Long Island home prices have surged to a record high, driven by low interest rates and scarce inventory, a new report shows.
Homes sold for a median price of $469,000 in the July-through-September period, up 4.2% from a year earlier, the brokerage Douglas Elliman and the appraisal company Miller Samuel reported Thursday. The number of closed sales fell by 1.3% annually. The figures exclude East End sales.
There were 13,244 homes listed for sale, up 13.7% from a year ago. Despite that rise, inventory remains about half what it was in spring 2008, when home buyers could choose from 26,145 listings, Miller Samuel figures show.
The luxury market was weaker, though. For the top 10 percent of sales — those selling for a median price of just over $1.1 million — the median price fell by 3.6% in the third quarter, compared with a year earlier, the new report shows.
“The market is strong, but it’s still soft at the top,” said Jonathan Miller, president of Miller Samuel. “The strength of the market is in the starter market.”
Low interest rates are helping first-time buyers make purchases, Miller said. However, he added, by drawing more buyers into the market and increasing competition, those low rates are pushing up prices in ways that could prove unsustainable when interest rates eventually rise.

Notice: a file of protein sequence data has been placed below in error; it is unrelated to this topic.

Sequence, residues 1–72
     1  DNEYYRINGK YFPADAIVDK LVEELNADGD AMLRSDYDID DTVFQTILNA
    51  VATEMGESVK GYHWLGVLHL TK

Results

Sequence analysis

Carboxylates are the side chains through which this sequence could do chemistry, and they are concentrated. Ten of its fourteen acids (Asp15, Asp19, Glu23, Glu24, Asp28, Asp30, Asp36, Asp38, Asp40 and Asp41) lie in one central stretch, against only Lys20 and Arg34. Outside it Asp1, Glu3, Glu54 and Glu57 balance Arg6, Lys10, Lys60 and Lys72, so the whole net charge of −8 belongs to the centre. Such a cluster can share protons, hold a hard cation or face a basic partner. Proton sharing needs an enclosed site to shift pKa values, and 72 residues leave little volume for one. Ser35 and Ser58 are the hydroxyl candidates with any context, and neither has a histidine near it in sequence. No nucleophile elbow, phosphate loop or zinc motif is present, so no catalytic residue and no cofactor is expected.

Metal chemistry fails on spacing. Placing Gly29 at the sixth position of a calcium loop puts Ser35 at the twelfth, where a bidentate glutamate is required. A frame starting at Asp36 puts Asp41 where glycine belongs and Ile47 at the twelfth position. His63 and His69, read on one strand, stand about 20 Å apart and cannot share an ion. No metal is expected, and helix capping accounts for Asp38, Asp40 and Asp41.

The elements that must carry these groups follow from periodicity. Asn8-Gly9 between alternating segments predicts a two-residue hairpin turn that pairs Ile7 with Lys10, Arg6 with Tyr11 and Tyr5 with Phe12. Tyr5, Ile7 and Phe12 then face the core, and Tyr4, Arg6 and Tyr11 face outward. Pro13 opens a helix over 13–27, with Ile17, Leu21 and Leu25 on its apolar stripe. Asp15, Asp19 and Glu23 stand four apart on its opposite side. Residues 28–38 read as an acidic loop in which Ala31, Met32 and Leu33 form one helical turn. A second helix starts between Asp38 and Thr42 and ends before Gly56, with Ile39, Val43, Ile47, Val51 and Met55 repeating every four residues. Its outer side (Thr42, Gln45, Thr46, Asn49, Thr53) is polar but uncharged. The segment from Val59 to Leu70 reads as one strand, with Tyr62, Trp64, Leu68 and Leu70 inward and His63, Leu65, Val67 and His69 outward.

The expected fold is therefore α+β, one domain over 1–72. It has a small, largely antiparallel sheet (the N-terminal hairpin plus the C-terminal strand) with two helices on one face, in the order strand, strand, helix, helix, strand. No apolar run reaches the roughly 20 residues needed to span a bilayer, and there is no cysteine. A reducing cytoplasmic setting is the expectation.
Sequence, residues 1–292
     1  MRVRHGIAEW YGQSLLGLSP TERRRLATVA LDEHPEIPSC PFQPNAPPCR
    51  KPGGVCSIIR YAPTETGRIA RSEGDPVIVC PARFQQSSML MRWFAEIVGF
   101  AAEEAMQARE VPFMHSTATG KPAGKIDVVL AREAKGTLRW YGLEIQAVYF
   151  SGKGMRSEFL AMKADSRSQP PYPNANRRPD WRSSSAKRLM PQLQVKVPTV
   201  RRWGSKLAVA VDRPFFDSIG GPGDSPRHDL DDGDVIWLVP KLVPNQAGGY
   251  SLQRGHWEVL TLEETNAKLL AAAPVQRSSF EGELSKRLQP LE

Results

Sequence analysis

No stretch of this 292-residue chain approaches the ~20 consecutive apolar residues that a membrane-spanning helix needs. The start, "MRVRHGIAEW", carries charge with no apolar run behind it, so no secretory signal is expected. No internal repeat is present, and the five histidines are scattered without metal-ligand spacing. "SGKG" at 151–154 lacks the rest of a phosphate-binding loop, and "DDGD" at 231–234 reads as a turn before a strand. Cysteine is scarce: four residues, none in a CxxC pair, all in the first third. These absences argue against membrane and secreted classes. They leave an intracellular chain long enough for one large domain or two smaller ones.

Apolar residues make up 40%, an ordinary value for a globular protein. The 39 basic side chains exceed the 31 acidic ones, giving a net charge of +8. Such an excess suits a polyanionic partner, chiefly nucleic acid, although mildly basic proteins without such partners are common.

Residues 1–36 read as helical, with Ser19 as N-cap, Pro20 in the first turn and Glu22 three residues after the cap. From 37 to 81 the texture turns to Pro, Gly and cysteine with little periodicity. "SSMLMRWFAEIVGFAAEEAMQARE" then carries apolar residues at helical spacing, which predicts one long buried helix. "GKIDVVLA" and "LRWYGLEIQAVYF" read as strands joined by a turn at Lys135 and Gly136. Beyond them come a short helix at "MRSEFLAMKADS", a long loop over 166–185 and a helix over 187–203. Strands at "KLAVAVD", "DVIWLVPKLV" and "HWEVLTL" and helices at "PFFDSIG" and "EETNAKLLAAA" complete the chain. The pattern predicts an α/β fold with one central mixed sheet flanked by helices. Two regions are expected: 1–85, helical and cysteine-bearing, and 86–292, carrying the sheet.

“That’s not a good long-term trend we want to see in the market,” he said.
For more than six years, Long Island prices have risen or held steady each quarter, compared with the same period a year earlier, Douglas Elliman and Miller Samuel figures show.
Prices “are inching up, year after year,” Ann Conroy, president of Douglas Elliman’s Long Island division, said. “What truly helped us was the low interest rates…. People still can get their American dream.”
Mortgage giant Freddie Mac reported Thursday that the average mortgage interest rate was 3.75%, down 1.1 percentage point from a year earlier.
Long Island's strongest price growth was along Suffolk County's South Shore, where the median price grew by 6.7% annually, to $372,500. By contrast, along Nassau County's northern Gold Coast, the median price dropped by 5.5% year-over-year, to $850,000.
A similar trend played out in the Hamptons, where the median price increased by 5.5% year-over-year, to $857,000, while in the luxury market the median price fell by 11%, to $3.5 million.
In the luxury market, “the seller right now is saying, ‘you know what, I have to make this price a little more attractive,” Conroy said. “As that’s happening, we’re starting to see much more activity with the high-end buyers.”